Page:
They dispersed, thinking themselves the greatest of fools. Little did they know that, on Sunday morning, they really would feel like fools, though not for the reason they expected.
Little did they know, they God would find a way to defeat even death!
Anyway, I was meeting some people from my new church (so new that I won't be their pastor for another 2+ months). One of them said, "I read your blog, the letter to the Bishop." Outwardly, I responded, "Oh, really?" Inwardly, I was "Oh, crap!" It turns out he was impressed with the letter (Whew!) - more impressed, actually, than the "Bish" himself.
That event inspired me to return to "persisting." I started this thing as an effort to express myself in light of some of the changes within my Annual Conference, as a way of resisting the change. I later realized that I would be better served to persist in defining myself, writing in answer to the question in the tagline: In what will I persist, no matter the place, no matter the time, no matter the circumstance?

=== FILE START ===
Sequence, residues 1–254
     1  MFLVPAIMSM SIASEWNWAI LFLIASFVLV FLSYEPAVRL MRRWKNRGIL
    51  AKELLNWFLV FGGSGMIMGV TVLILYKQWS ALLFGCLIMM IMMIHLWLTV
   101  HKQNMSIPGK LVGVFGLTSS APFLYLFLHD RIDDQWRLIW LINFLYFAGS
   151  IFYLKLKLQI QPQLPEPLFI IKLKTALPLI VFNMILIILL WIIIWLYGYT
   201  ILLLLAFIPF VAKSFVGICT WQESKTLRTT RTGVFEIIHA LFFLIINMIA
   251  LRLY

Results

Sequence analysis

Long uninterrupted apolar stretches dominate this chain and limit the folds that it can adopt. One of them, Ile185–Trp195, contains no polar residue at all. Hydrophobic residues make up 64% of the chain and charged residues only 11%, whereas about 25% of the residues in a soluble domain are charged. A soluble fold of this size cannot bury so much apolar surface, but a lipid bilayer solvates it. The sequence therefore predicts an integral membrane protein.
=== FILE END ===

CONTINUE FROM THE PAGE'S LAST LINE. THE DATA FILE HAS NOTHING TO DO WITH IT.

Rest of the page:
Persisting is always better than resisting. Persisting is better because it helps you stay on course. In pastoral ministry, there's always things that draw you away from what is most important. Admittedly, what is "most important" may change from church to church, or from time to time in one's tenure. If you persist in what you determine to be God's direction for you, then you will be more honest, more open to God, and a better leader.
An example: At my current church, I (along with my wife) discerned that God was calling us to do something for the teenagers of our community. They were lost, confused, lacked healthy adult influence and spiritual direction. We also believed that by working with and through the kids, we might open doors to reach the parents. All signs indicated that my church could be convinced to join with us.